Ashok Malik in the Hindustan Times:
The Internet Hindu has blogged and tweeted and emailed exultantly about the defeat and exile of Husain. In parallel, a new campaign has gathered momentum, centred on a new hate figure: Wendy Doniger.
Why are these Internet Hindus worthy of notice at all? There are three reasons. First, a collective of the intellectually inadequate, the professionally frustrated and the plain bigoted, they represent the collapse of Hindu politico-intellectual space into a caricature of the very Talibanism it opposes.
Second, as Hindutva as an idea has contracted in real-world politics, it has become shrill and over-the-top in cyberspace. The Left has its universities, journals and institutional support system. It is a commentary on Internet Hindus that they only have multiple email accounts.
Third, there is a hard question for the BJP. How quickly can it delink itself from Internet Hindus and their offline equivalents? A party that seeks to build broad-spectrum opposition unity in Parliament on governance issues can do without such viral downloads.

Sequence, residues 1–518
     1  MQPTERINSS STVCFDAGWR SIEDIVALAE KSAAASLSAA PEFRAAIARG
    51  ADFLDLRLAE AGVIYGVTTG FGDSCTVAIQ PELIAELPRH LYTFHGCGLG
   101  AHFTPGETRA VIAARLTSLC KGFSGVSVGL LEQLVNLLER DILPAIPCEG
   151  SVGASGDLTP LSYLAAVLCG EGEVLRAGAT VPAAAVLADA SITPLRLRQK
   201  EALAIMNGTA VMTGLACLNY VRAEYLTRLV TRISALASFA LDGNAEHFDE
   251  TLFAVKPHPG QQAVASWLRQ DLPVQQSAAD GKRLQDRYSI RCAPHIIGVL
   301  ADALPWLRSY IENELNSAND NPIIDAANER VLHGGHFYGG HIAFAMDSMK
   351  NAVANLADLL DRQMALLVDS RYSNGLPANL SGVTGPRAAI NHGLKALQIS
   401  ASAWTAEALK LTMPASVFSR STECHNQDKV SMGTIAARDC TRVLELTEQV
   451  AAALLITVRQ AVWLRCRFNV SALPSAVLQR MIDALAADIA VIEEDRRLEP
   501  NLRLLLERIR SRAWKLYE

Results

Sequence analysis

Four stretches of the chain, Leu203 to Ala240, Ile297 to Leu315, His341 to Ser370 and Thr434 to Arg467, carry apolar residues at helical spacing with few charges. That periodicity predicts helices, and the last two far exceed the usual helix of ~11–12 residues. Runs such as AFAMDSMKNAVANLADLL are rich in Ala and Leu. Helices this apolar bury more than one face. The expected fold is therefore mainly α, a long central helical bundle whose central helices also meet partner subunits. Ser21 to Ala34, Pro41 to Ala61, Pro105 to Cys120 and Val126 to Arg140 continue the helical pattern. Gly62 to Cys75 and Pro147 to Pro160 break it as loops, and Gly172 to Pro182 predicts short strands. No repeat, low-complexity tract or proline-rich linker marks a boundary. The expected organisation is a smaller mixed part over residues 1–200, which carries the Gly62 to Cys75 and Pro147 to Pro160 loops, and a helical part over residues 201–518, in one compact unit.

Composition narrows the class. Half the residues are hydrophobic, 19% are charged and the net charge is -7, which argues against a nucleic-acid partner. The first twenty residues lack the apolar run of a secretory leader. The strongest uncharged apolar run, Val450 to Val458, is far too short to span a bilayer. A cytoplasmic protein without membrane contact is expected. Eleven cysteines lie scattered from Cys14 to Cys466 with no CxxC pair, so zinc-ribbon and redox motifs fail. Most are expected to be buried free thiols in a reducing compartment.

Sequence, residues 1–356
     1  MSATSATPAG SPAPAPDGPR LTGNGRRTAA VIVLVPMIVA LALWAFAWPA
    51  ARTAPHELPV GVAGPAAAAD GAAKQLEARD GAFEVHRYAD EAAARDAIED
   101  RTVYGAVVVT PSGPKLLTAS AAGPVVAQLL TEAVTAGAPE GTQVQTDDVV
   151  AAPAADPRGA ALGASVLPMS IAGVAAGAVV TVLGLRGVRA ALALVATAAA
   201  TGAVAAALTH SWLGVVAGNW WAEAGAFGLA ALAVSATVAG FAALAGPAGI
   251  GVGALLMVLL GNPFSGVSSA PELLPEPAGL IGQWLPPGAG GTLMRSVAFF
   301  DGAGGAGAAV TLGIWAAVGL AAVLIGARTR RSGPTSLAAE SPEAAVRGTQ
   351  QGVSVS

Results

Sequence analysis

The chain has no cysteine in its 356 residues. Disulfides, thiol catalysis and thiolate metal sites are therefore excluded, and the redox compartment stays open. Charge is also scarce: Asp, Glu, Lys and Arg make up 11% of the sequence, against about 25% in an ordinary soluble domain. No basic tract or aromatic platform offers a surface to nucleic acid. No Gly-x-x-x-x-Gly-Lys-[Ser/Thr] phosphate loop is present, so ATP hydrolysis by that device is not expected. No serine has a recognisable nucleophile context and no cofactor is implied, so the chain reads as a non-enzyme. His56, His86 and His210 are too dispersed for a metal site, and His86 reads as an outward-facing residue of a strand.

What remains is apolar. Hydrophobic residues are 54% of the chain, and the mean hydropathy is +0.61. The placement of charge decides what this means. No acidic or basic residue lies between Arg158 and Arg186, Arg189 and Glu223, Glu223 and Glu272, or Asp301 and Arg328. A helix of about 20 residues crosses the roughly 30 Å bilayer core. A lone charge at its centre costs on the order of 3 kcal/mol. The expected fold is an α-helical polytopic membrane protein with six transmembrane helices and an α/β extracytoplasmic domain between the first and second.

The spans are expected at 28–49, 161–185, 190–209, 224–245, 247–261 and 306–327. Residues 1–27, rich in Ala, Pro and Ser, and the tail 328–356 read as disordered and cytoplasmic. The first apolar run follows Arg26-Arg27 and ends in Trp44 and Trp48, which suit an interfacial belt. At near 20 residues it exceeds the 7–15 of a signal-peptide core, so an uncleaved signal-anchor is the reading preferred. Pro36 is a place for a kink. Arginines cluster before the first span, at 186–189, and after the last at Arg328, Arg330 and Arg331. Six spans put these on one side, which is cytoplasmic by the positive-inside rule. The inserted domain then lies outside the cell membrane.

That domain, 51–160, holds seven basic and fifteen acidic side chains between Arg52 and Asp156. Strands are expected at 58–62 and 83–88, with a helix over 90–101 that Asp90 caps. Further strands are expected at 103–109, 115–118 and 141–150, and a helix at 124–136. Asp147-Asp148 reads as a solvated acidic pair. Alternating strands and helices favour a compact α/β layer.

Just a few days back, incidentally, Swapan Dasgupta, another journalist considered close to the BJP and a party strategist, had this to say in the Telegraph:
In the past decade, the threshold of tolerance in India has been lowered considerably — thanks in no small degree to the takeover of the internet by competitive extremists. ‘Sensitivity to faith’ has come to mean accommodation of organized blackmail.
The successful anti-Husain and anti-Taslima protests have to be seen in the context of a progressive shrinking of the enlightened public space. India imagined it would be a world player on the strength of its ‘soft power’. Today, that power is being steadily undermined by the clash of rival ghettos. The nonsense has gone on far too long and has touched dangerous heights. It’s time the country extends democratic rights to those who offend fragile sensitivities.
Mar 08, 2010